A seminar given by
Plasma-Wall Interaction Related Research at the University of Saskatchewan
Abstract : The envisaged power load on the plasma-facing components, particularly on the diverters, in the future tokamaks, such as in ITER, will well exceed 1 MW/m2. High power load will not only damage the plasma-facing components (PFCs), but also generate tritium-containing dusts. For compact spherical tokamaks with high magnetic field, the power load is even higher. Study of plasma-wall interaction (PWI) is important not only for choosing suitable first-wall materials, but also for understanding transport of the dust particles produced by PWI. At the University of Saskatchewan, compact torus (CT), a high-density and high-speed plasmoid confined by its own magnetic field, and dense plasma focus (DPF), an excellent plasma source for producing high flux and high-energy ion beams in our case, are used as plasma sources to study PWI on various substrate samples. A dust dispenser has been designed and characterized to introduce dust particles to the STOR-M tokamak discharge or to be incorporated in CTs for injecting dust-containing CTs to the core of the STOR-M discharges. This talk will present the features of the plasma sources used, some experimental results for PWI studies, and the plans for studies of dust dynamics in the STOR-M tokamak.
Bio: Chijin obtained his B.Sc. and M.Sc. degrees from the University of Science and Technology of China, Hefei and the Doctor of Natural Science degree from the Ruhr-University Bochum, Germany, all specializing in Plasma Physics. He joined the Plasma Physics Laboratory at the University of Saskatchewan, first as a Postdoctoral Fellow and then as a Research Associate before joining the faculty of the Department of Physics and Engineering Physics at the University of Saskatchewan. Dr Xiao is currently a tenured full professor at the University of Saskatchewan. Dr. Xiao’s research interests have been in plasma physics and engineering for fusion research and industrial applications, particularly in plasma production and diagnostics. Over his career, Dr. Xiao has worked on a variety of plasma devices including the STOR-M tokamak, compact torus injectors, dense plasma focus, RF and microwave plasma devices. Dr. Xiao has trained many HQPs including Ph.D. and M.Sc. students, PDFs and a research engineer. Dr Xiao is currently the principal investigator for the STOR-M tokamak. He authored and co-authored over 130 journal papers.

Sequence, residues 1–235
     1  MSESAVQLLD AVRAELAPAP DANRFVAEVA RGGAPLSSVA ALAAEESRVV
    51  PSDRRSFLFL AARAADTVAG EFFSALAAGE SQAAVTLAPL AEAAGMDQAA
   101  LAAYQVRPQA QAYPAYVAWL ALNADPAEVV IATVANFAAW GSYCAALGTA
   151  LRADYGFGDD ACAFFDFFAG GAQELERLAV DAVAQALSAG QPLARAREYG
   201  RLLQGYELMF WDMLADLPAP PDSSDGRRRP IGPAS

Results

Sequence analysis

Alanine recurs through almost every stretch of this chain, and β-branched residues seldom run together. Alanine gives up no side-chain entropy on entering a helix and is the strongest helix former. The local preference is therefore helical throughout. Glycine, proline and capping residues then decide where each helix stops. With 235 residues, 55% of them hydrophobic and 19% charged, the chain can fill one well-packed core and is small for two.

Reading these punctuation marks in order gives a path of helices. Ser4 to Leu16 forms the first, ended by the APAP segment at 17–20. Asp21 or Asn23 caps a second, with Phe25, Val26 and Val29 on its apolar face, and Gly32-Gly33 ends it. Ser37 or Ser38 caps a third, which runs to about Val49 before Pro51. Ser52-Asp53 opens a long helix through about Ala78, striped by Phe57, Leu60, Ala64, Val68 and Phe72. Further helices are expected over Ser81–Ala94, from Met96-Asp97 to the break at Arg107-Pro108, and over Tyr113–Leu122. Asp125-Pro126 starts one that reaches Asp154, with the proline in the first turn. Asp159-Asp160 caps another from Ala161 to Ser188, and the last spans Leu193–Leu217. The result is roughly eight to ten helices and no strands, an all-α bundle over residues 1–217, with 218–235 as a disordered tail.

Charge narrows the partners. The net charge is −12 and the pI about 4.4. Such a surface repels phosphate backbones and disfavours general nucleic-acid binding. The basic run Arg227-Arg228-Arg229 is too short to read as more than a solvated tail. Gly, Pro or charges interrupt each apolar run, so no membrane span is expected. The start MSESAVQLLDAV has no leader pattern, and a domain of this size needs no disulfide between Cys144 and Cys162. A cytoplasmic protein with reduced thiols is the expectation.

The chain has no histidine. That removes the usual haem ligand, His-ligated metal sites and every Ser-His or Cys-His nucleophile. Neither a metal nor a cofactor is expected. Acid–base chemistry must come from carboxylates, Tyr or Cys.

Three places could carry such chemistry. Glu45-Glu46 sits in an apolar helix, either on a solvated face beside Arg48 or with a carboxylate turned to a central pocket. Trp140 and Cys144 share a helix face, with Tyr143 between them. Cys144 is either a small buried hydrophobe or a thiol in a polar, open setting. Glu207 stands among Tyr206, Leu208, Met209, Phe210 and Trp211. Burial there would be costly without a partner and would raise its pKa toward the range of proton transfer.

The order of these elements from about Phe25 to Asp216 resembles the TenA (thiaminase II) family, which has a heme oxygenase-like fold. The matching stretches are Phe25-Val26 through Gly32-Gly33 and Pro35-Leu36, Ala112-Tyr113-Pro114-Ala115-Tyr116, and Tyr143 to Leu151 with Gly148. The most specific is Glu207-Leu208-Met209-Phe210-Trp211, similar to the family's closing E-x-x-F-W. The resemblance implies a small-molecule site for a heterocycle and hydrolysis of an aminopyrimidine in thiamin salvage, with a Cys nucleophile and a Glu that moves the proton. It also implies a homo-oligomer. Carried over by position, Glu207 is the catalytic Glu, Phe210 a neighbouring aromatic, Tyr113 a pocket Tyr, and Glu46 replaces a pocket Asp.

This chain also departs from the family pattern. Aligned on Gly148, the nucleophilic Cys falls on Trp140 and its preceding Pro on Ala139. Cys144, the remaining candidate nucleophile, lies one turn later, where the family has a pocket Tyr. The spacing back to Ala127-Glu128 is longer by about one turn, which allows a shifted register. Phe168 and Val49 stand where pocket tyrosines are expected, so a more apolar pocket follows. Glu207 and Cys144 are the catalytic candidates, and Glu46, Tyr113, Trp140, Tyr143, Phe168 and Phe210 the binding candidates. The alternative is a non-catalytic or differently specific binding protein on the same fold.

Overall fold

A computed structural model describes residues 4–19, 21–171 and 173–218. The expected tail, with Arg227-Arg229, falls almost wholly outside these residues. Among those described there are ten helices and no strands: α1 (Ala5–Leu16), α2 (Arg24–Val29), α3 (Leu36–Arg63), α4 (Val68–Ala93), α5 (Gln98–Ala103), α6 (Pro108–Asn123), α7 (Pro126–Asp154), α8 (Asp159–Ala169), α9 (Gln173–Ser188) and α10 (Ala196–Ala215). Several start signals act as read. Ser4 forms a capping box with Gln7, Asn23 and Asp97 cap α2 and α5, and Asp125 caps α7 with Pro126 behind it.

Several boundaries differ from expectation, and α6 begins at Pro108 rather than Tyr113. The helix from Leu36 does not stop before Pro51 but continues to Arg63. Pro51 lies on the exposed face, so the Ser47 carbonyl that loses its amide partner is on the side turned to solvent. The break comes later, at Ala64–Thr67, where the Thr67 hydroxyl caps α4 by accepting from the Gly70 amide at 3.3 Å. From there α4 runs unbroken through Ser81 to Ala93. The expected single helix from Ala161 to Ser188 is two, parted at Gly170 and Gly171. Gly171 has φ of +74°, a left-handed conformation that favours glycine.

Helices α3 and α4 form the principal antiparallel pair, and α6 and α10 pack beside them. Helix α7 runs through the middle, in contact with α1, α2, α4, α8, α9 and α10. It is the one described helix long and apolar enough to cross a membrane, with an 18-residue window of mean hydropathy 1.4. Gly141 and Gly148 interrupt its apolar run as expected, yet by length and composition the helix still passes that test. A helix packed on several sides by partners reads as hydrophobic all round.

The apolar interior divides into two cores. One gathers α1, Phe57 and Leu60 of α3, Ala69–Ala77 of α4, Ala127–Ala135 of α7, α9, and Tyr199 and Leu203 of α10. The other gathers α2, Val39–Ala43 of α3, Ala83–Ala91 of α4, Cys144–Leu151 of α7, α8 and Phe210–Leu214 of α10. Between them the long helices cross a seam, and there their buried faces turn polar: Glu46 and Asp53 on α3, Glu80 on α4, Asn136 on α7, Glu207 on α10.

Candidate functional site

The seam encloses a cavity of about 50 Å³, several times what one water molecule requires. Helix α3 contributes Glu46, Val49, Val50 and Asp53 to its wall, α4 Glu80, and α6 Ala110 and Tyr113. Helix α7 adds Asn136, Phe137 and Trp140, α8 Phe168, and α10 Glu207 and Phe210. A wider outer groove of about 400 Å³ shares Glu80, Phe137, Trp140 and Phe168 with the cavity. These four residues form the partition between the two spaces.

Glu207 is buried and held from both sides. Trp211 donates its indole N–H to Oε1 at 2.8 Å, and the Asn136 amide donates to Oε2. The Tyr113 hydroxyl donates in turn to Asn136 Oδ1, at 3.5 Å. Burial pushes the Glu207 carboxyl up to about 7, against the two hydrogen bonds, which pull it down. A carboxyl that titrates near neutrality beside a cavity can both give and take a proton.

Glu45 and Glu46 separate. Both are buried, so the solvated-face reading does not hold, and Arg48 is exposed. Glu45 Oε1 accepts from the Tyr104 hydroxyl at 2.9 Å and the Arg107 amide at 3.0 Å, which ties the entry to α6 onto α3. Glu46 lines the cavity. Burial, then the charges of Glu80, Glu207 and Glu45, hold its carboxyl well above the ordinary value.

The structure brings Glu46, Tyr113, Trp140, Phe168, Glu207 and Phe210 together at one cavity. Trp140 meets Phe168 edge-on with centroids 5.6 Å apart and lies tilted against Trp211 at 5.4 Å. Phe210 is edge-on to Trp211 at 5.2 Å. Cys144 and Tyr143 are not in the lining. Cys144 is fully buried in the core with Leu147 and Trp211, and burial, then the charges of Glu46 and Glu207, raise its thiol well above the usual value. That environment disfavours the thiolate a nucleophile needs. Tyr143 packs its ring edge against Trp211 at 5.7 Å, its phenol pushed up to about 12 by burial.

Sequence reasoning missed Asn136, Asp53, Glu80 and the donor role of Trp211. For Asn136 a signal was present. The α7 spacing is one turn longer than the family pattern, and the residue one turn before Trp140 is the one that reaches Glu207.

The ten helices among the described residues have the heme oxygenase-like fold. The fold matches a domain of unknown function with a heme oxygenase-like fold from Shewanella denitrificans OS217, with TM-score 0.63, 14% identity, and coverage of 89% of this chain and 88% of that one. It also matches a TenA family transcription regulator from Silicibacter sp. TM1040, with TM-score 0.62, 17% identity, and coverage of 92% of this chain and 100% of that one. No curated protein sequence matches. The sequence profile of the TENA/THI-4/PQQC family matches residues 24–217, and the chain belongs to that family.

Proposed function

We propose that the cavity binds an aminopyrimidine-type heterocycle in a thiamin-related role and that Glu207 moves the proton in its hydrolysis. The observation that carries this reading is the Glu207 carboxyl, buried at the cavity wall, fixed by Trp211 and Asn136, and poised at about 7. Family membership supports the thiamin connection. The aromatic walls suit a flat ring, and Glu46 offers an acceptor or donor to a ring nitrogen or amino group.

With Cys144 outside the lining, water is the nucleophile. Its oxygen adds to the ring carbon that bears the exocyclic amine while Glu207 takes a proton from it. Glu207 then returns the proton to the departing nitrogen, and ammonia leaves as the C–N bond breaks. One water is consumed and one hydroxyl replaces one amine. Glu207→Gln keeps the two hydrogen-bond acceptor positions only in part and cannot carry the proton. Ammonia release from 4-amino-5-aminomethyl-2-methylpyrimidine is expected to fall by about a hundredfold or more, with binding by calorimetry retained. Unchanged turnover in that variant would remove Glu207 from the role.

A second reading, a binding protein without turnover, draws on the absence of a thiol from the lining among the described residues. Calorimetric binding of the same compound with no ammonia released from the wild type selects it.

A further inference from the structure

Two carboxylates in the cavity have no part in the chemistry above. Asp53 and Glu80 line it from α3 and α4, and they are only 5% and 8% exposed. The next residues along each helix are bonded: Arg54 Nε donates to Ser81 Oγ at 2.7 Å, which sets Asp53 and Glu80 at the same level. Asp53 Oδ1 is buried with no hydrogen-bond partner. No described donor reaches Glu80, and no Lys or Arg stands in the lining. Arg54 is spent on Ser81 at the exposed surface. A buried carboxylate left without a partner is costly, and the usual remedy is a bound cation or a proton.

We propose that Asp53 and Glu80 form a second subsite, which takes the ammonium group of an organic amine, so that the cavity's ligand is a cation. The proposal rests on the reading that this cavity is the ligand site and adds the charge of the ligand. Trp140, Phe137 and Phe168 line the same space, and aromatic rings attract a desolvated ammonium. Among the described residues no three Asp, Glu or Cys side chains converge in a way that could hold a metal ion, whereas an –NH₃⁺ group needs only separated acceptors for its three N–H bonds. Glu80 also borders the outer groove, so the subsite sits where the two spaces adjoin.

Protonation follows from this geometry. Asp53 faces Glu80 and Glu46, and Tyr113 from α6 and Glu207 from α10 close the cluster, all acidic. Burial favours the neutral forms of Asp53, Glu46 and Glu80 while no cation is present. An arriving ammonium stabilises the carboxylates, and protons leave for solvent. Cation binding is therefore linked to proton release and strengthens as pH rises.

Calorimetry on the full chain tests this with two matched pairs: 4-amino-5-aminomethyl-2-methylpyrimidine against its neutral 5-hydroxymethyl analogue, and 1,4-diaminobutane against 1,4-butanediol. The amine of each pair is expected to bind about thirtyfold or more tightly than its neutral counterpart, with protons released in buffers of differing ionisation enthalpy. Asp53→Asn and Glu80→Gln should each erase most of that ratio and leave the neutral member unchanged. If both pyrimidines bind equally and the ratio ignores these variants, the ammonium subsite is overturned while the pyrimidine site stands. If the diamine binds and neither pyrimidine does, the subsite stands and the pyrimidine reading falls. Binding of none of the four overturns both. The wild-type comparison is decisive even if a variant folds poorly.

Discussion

We will be glad to welcome the speaker with a coffee and pastries at 14:00.